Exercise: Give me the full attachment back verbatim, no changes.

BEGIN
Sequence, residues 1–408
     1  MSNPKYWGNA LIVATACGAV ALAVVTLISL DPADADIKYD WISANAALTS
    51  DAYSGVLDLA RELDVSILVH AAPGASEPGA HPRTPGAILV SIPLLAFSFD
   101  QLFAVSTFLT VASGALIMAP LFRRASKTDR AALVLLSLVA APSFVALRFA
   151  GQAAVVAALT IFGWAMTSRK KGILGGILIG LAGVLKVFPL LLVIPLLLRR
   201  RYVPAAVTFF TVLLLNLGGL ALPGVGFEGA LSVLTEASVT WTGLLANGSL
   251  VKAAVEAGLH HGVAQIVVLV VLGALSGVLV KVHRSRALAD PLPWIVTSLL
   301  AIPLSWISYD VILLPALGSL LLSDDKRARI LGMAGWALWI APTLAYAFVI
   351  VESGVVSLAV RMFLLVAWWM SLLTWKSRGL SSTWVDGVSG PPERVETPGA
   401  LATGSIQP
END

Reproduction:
Sequence, residues 1–408
     1  MSNPKYWGNA LIVATACGAV ALAVVTLISL DPADADIKYD WISANAALTS
    51  DAYSGVLDLA RELDVSILVH AAPGASEPGA HPRTPGAILV SIPLLAFSFD
   101  QLFAVSTFLT VASGALIMAP LFRRASKTDR AALVLLSLVA APSFVALRFA
   151  GQAAVVAALT IFGWAMTSRK KGILGGILIG LAGVLKVFPL LLVIPLLLRR
   201  RYVPAAVTFF TVLLLNLGGL ALPGVGFEGA LSVLTEASVT WTGLLANGSL
   251  VKAAVEAGLH HGVAQIVVLV VLGALSGVLV KVHRSRALAD PLPWIVTSLL
   301  AIPLSWISYD VILLPALGSL LLSDDKRARI LGMAGWALWI APTLAYAFVI
   351  VESGVVSLAV RMFLLVAWWM SLLTWKSRGL SSTWVDGVSG PPERVETPGA
   401  LATGSIQP